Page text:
While crawling down Penn on a recent afternoon—skillfully navigating a familiar slalom of orange cones—I was frustrated. Did we really need to fix this right now?
Luckily, the fleeting thought was given a chance to marinate in the unrelenting afternoon traffic. The thought begged a broader question—what do we want our elected officials to do?
Few of us would say better roads are our top priority, but few would argue we don’t need reliable streets, bridges and infrastructure. Infrastructure improvements have near universal appeal. They also tend to ingratiate elected officials to their constituents in ways that partisan agenda items simply cannot. No party is pro-pothole.
This is undoubtedly part of Mayor Ballard’s rationale as we approach municipal elections this fall, but it is difficult to imagine that residents will hand him a win for such facile progress. Or will they?
The formula for transformational governance is simple to describe and difficult to execute: Propose big ideas that propel public discourse to new heights while spending as much effort, time and energy on policies that improve the daily lives of citizens.
As Mitch Daniels prepares to join the likes of Dick Cheney, George W. Bush and several other prominent officeholders whose tomes have hit the bookshelves in the past year, there is a great deal of speculation and even some early criticism of its contents. His take on Social Security, his fiscal record as Office of Management and Budget chief and governor, and any pages devoted to his personal life will all garner attention from the press over the next month or so.
But as the book tour ends and Hoosiers are left to contemplate his record, it may well be the little things that stand out.
From his stance on daylight-saving time to his efforts to streamline the Bureau of Motor Vehicles, Daniels succeeded in reminding many Hoosiers that state government matters, and that seemingly obscure changes in policy can have a big impact on their everyday lives.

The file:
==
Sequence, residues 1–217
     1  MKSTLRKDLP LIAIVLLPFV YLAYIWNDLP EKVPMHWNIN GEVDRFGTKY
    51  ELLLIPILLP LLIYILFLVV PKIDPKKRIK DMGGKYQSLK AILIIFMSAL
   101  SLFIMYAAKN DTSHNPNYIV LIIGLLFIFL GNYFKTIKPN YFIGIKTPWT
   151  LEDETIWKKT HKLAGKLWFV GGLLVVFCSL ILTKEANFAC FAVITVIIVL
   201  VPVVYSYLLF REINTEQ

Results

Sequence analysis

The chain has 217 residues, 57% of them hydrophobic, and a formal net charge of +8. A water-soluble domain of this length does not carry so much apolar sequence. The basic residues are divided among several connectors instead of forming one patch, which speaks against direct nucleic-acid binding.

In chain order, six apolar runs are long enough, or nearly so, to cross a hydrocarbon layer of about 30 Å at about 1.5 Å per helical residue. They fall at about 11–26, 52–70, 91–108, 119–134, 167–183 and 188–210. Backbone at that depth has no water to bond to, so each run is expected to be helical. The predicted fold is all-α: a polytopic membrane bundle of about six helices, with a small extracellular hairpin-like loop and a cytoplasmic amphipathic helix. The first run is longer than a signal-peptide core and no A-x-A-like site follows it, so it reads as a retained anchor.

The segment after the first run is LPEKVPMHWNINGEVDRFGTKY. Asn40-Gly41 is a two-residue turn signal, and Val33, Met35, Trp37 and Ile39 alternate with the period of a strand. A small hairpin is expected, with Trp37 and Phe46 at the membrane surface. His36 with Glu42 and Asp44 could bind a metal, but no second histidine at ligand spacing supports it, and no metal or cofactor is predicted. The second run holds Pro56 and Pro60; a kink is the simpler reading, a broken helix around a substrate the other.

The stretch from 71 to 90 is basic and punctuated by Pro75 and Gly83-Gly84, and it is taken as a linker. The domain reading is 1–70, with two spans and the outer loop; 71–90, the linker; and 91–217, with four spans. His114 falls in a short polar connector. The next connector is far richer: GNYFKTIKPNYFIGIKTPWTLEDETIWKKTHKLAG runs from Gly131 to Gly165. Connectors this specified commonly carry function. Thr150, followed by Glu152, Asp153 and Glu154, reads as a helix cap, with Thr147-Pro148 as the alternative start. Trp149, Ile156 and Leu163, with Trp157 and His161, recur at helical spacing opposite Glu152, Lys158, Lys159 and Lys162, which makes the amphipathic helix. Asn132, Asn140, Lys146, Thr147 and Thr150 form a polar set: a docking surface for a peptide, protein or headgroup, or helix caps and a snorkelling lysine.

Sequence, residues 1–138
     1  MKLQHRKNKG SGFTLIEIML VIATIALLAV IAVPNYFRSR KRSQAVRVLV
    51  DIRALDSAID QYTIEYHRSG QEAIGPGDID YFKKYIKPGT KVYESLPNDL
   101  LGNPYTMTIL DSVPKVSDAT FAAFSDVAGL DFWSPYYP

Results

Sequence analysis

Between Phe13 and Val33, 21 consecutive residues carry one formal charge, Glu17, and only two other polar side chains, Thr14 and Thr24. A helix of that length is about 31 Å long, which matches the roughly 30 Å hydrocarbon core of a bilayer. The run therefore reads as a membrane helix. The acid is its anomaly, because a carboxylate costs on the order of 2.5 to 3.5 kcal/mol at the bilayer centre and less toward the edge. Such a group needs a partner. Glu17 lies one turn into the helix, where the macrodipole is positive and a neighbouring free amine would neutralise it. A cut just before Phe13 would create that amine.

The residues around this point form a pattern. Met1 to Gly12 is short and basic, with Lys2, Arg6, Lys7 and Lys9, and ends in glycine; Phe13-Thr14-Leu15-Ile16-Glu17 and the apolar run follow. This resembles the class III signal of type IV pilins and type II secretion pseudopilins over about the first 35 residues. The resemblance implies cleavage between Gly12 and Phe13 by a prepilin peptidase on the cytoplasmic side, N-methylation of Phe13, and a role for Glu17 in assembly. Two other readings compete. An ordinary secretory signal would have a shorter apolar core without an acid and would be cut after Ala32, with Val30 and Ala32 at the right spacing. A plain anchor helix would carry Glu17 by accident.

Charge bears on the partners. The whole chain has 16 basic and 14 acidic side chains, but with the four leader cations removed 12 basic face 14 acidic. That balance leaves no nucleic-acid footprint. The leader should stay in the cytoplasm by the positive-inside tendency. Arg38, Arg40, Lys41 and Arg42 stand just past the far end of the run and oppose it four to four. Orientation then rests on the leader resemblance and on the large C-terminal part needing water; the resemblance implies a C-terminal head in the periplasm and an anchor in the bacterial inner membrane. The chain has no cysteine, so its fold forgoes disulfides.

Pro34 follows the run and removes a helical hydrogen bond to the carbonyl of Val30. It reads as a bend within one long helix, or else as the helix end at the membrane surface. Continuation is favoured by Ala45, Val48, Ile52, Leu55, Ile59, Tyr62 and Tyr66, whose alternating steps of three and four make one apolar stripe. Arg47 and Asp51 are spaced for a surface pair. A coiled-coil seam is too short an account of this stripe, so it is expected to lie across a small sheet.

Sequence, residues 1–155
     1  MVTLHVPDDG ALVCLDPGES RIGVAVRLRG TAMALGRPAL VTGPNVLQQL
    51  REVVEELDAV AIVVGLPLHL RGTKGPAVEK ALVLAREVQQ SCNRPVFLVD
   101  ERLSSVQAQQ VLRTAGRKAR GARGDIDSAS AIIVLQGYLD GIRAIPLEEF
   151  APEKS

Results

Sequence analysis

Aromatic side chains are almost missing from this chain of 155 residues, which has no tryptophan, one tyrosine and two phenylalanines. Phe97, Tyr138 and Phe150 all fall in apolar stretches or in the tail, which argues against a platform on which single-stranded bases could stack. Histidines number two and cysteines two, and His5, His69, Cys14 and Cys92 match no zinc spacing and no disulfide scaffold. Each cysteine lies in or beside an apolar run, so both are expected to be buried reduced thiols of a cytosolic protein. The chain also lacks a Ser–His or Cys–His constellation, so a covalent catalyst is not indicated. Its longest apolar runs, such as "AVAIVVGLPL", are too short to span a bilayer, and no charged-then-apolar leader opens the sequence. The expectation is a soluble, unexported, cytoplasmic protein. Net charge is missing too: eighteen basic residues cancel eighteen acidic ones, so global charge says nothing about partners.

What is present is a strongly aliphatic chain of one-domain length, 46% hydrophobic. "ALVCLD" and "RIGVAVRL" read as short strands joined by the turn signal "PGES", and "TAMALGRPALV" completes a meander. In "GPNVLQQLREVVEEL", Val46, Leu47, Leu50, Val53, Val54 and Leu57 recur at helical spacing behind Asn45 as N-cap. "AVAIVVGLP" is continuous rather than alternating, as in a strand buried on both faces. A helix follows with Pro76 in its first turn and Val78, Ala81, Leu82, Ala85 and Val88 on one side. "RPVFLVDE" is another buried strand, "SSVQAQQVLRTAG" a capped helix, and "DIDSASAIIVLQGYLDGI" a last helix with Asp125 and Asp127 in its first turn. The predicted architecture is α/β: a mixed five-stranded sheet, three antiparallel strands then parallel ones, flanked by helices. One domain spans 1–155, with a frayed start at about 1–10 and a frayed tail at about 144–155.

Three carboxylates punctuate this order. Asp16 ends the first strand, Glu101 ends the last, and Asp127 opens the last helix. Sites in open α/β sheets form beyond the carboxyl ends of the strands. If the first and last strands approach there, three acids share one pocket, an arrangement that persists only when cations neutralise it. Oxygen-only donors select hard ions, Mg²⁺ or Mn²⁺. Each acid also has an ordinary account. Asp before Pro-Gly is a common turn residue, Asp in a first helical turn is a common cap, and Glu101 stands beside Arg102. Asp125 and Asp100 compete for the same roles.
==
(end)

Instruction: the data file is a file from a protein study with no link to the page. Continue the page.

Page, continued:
One such issue that has received scant attention over the past few years but desperately needs to be addressed involves public libraries in Indiana. Democratic mayoral candidate Melina Kennedy has made library hours and budget cuts an issue in her contest with Ballard, and it would be difficult to imagine a political downside.
Daniels, in his first truly “lame duck” session since deciding not to seek the Republican nomination, should champion the cause at the state level, as well.
The Kernan-Shepard Commission, the same body that examined local government reform and was the impetus for the ill-fated local government reform efforts of the past several years, examined local government structure and inefficiencies statewide. Its recommendations were largely generic and have since received considerable attention, but one has not.
In a section on the state of Indiana’s public libraries, the commission noted that close to 400,000 Hoosiers are without access to library services in their communities. To say nothing of the under-served or library facilities in disrepair, the commission noted that close to a significant part of the state was without access to a vital component of public education in America.
Libraries, like roads, are government where nearly everyone wants it. They represent a progressive idea that, combined with private investment and local involvement, serve communities efficiently with demonstrable benefit.
Perhaps Daniels, and other elected officials, should embrace libraries as the centerpiece of his final year’s agenda. After all, what better way to move the local government reform issue forward than by changing the appeal?
Public library conditions and access, much like long lines at BMV, represent an opportunity for the savvy political leader to broaden his appeal and do some good in the process.
It may not be what memoirs are made of, but attention to these sort of details should be what governing is all about.•
Bonifield is a political science major at DePauw University and president of Hoosier Youth Advocacy, an organization focused on increasing youth participation in the Indiana General Assembly. Send comments on this column to email@example.com.